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Hometown Helpers: 911 dispatcher helps save lives

Hometown Helpers

IDAHO FALLS — Every week, is introducing you to Hometown Helpers in our community. We want to spotlight firefighters, police officers, city workers, snowplow drivers and others who quietly keep our cities and counties running.

This week, we are featuring Patrick Nunez, an emergency communications officer or a dispatcher. He has been working at the Idaho Falls Bonneville County 911 Dispatch Center for five years. The center operates 24 hours a day, seven days a week.

“Someone is here day and night, no matter what time,” said Nunez.

He works three days with 12-hour shifts and one day with a six-hour shift.

The center dispatches for the Idaho Falls Police Department, Bonneville County Sheriff’s Office, Ucon Police Department, Idaho Falls Fire & EMS, Ammon Fire, Swan Valley Fire, and Ucon Fire.

Nunez works as one of the community’s “first” first responders. He loves serving the community and said he was born and raised in the area.

“It kind of feels good to give something back. I enjoy it,” he said.

Nunez looks at eight different computer screens at work which include maps, a phone screen, and a radio screen.

Technology has helped his job and respond to 911 calls sometimes in a different way.

“If you don’t know where you’re at, we can find you pretty quickly. Text 911 is a huge help now. Like, if you are not in a situation where you can call— you can text us, we can get a location on your phone,” he said.

He takes hundreds of calls along with his coworkers daily.

In fact, in 2021, the center received 215,234 phone calls from the public which includes 911 and non-emergency calls. That’s about 590 calls from the public each day.

When the phone rings, he never knows what he’s going to get.

“We don’t talk to people when they are having a good day usually,” he said. “There are over 30 call types. The domestic violence calls, the vehicle accidents with injuries, the pediatric calls…”

Dispatchers can help walk callers through CPR and even help deliver babies over the phone. Nunez has had some very memorable experiences.

“Last week, there was a choking baby. The mom was freaking out obviously but I walked her through it—the Heimlich, got it out and she was happy and an ambulance was close,” Nunez said. “Just little things like that happen once in a while. Everyone (in dispatch here) probably has a story like that where someone is choking, someone is not breathing, someone overdoses—we walk them through the Narcan process, they wake up.”

According to an Idaho Falls Police Department spokeswoman, Nunez and all of the dispatchers who aren’t new, are certified by the Idaho Peace Officer Standards and Training for Emergency Communications Officers. Nunez is also certified for medical dispatching, which means he can provide instructions for emergency medical care – CPR for example.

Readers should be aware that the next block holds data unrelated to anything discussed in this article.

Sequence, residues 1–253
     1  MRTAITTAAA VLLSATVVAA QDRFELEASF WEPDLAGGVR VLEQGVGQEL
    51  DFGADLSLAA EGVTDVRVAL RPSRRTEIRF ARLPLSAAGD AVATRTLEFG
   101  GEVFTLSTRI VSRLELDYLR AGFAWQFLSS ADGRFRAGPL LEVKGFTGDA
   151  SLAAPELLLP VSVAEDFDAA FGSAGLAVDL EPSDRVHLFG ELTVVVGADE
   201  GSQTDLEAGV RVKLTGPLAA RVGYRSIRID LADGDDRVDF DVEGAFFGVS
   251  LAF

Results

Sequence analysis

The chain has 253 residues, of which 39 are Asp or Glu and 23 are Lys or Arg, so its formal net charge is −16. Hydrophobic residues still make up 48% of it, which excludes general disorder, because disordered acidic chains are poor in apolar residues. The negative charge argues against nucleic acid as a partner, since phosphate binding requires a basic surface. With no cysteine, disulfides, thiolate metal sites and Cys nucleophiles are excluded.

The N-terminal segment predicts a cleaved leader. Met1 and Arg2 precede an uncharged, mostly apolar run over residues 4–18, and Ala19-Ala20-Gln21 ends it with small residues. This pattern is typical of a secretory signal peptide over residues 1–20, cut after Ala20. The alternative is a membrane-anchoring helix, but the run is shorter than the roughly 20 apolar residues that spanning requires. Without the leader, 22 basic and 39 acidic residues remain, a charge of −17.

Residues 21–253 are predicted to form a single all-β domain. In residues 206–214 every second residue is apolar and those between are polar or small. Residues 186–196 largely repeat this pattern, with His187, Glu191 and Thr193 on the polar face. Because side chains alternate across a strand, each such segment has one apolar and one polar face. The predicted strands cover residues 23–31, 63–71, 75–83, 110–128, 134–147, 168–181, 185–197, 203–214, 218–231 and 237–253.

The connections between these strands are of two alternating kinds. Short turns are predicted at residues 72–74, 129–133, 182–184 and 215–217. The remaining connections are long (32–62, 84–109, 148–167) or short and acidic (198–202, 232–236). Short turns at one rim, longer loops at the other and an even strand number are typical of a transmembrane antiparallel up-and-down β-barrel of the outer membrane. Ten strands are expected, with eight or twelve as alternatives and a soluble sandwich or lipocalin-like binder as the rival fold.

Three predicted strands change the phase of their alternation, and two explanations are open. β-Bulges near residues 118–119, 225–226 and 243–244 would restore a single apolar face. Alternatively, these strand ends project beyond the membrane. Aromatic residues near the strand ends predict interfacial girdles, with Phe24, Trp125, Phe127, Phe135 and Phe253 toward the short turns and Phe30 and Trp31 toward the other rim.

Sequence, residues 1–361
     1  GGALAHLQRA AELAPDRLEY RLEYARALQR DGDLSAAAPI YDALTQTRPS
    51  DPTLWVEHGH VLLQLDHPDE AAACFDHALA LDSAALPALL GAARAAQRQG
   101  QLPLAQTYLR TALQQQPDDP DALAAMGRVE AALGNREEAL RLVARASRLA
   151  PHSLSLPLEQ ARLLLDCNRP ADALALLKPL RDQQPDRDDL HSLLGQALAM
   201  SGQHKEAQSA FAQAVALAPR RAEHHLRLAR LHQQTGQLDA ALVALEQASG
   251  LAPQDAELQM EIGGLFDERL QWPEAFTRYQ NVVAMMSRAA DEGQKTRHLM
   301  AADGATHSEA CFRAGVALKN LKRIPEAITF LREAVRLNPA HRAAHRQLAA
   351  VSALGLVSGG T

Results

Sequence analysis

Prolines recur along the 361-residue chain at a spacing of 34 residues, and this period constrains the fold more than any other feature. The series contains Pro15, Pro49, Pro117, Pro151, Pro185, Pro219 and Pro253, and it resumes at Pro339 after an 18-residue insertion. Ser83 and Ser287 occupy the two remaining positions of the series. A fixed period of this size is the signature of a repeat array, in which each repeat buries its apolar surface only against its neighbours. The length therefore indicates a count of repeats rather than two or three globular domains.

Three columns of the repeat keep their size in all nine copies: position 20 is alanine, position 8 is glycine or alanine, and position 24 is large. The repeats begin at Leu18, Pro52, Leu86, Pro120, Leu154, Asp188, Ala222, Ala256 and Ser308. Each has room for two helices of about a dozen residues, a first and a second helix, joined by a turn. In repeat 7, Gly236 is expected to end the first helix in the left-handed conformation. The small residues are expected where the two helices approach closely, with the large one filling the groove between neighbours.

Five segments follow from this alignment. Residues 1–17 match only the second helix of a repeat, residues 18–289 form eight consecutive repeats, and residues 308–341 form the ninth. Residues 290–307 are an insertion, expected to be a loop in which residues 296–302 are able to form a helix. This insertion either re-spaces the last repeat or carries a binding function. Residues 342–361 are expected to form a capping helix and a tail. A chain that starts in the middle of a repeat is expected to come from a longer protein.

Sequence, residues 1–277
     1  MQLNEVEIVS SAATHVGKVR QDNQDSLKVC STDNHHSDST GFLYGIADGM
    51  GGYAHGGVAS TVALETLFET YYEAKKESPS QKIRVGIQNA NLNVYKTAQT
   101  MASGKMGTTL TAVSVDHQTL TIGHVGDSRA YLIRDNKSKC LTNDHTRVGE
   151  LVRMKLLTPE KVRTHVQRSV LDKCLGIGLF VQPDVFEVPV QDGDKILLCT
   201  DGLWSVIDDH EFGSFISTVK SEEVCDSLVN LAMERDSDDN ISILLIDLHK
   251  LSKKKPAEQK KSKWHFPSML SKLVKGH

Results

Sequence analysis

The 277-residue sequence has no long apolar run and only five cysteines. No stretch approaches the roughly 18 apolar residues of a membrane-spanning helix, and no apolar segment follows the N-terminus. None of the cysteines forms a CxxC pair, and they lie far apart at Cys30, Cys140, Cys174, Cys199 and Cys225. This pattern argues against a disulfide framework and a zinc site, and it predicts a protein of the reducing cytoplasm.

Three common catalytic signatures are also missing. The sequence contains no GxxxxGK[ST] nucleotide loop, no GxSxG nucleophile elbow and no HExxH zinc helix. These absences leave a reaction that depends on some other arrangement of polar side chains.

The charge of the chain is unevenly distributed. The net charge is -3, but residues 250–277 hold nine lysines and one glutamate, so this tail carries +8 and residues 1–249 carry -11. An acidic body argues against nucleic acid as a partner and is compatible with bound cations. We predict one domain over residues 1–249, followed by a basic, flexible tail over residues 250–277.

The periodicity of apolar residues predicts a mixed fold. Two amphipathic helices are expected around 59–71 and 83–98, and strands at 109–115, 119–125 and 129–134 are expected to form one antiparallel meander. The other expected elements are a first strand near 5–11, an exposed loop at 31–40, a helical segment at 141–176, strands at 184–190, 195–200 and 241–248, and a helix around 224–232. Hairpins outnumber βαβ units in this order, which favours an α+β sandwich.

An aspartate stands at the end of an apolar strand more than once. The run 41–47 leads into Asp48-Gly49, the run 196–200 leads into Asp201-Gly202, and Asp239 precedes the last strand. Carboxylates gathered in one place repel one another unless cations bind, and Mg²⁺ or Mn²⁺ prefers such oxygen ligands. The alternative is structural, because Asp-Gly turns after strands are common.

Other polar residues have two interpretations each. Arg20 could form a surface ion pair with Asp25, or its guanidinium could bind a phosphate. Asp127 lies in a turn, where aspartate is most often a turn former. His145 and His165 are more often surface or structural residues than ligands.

Nunez explained there is a misconception sometimes when people call 911.

“When the public calls, sometimes they think me asking information is delaying a response which is not the case. We have a call taker and someone manning each radio, so me taking the call of the disturbance or something is not hindering the response from responders,” he said. “I’m simply gathering more information for them so they know what they are arriving to. That’s probably the biggest misconception at least that people think them getting information is stopping from someone showing up but they’ve been on the way since you’ve called.”

Each dispatcher is trained for different roles, which is listed below:

  • “Call taker” (receive calls from the public)
  • “Law” (dispatching/maintaining communication with all police officers in the area)
  • “Fire” (dispatching/maintaining communication with all Fire/EMS in the area)
  • “Wants” which is for more in-depth needs from law enforcement (checking to make sure a person’s driver’s license is valid, they don’t have any warrants, etc.)

Each dispatcher is prepared to jump in for any of these roles as needed.

Currently, the dispatch center is hiring for both full-time and part-time positions. Click here for full-time and click here for part-time. The dispatch center allows “sit-alongs” for people who are interested in a dispatch career.

National Emergency Communications Officers Week or Dispatch Week is coming up April 11 – 17.

Nunez shows every day that he’s a Hometown Helper by saving lives, helping first responders, and the community.

If you know a Hometown Helper that we should feature, email

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